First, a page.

Sunday, 31 March 2019

Carnegie Hero Fund watch - untangling the hallmarks.


The inscription says
(I am told!)

The Errington movement has an English Lever escapement and a
Bregue sprung cut compensating balance.
The watch is from the Errington Watch Factory in Coventry (then owned by Williamson) for David Harley of Dunfermline but the case was much modified before being presented to William Russell by The Carnegie Hero Fund for saving life in 1912.

The hallmarks are interesting:
  • There is no Assay House mark.
  • The dust cover has the makers mark "C & W" and London date marks for 1910 /11.
  • The front cover has the makers mark "ATO" and London date marks for 1911/12.
  • The pendant marks are difficult to read but look to be "CH" , Birmingham 1911/12 and
  • The highly decorated back lid has no marks at all.
The case was originally made by Thomas Clark and Alfred Ward of Kensington Rd Coventry ("C&W"), who I know from other examples were making cases for Errington watches at this time, the Errington ("C.H.E") mark having been cancelled in 1905. So the Dust cover is almost certainly original to the body.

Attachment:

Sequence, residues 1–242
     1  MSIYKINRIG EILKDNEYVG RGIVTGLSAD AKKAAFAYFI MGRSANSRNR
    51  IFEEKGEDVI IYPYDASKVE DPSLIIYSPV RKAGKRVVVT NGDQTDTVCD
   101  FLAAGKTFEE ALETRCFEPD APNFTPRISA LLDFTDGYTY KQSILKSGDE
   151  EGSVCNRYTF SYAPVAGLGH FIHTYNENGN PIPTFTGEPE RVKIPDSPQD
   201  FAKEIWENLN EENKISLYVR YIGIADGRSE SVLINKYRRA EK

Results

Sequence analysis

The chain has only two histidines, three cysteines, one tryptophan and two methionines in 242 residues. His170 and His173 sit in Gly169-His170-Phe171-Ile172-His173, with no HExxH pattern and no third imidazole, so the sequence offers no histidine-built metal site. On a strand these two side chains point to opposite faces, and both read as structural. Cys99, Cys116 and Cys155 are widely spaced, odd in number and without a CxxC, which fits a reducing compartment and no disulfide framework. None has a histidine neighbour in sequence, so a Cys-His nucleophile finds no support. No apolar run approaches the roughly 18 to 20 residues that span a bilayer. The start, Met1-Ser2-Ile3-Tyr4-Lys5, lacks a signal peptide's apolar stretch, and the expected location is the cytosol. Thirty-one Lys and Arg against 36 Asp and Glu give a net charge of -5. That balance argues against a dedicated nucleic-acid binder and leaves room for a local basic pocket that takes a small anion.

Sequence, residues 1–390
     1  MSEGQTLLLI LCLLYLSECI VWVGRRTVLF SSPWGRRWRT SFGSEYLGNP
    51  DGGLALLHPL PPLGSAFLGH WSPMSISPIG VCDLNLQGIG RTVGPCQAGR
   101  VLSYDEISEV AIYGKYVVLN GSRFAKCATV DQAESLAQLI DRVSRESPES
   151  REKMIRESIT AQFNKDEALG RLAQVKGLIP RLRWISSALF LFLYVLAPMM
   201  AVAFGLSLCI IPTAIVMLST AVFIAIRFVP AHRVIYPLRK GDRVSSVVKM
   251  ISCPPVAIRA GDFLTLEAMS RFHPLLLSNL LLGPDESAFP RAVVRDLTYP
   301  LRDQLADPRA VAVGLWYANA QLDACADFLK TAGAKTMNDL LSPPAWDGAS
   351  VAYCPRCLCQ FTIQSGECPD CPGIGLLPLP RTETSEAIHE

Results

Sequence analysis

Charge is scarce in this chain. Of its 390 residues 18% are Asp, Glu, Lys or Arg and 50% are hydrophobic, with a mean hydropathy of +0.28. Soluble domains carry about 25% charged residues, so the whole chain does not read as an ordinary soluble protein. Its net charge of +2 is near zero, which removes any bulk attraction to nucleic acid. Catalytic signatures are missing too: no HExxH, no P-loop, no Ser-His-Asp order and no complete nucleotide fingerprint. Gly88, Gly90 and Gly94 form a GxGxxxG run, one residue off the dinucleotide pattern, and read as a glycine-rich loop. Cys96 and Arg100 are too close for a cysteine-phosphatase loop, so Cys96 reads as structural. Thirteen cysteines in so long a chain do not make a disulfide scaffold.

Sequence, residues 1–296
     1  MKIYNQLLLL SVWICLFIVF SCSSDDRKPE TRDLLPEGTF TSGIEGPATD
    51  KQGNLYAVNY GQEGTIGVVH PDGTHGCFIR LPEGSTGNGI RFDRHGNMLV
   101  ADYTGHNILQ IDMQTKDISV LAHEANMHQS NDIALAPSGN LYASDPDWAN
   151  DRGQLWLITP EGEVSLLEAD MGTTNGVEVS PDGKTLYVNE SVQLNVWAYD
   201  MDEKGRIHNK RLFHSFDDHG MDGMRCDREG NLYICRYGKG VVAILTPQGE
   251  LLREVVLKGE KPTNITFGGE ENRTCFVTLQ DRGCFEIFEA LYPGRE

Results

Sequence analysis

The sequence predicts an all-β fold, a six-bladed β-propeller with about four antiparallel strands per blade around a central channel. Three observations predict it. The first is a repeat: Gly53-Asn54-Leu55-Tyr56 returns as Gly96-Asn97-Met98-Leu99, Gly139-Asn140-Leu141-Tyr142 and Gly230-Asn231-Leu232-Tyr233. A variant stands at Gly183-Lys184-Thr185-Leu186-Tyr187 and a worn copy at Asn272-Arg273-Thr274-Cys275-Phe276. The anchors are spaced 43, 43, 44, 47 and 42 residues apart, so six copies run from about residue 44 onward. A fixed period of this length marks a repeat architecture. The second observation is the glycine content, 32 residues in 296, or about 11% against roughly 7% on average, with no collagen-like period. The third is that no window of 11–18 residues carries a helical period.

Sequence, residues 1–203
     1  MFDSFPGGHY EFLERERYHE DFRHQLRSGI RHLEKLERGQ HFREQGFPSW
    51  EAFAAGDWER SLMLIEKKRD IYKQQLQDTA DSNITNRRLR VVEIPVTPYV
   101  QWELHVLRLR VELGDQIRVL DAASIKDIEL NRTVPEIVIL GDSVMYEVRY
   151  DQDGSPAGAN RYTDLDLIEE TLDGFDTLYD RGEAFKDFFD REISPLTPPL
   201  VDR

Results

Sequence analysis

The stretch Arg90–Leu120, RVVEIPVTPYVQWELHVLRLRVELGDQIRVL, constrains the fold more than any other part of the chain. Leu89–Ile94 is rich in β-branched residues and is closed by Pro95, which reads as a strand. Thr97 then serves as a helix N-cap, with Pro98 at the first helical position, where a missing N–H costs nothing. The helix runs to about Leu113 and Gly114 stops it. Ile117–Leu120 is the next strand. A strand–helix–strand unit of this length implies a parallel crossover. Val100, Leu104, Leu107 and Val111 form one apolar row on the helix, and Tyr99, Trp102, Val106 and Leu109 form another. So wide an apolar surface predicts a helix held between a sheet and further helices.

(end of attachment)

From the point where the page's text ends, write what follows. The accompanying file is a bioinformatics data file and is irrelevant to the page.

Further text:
As was common the pendant was made by a specialist pendant maker, in this case by Charles Harrold & Co.

The back is more complicated. It is not in one orriginal piece the centre having been cut out and a cast silver disk with the Latin moto and a hero's laurel wreath expertly let into it. This removed the hallmarks, including the London Assay mark, but as the back was now modified and from two makers it could not be resubmitted for assay and could not have had 2 sets of marks. It is OK for two lids to have different marks because they are hinged to the body and are considered different pieces of silver - which is why they are individually marked in the first place.

The history of the front lid is more problematic, the "ATO" mark is that of Albert Oliver of Clerkenwell, London. I can think of two reasons it is different to the rest, either the original was damaged during the engraving and had to be replaced or, my guess, the watch was original a half hunter and was converted to a hunter so that the long engraving could be put in a visible place.

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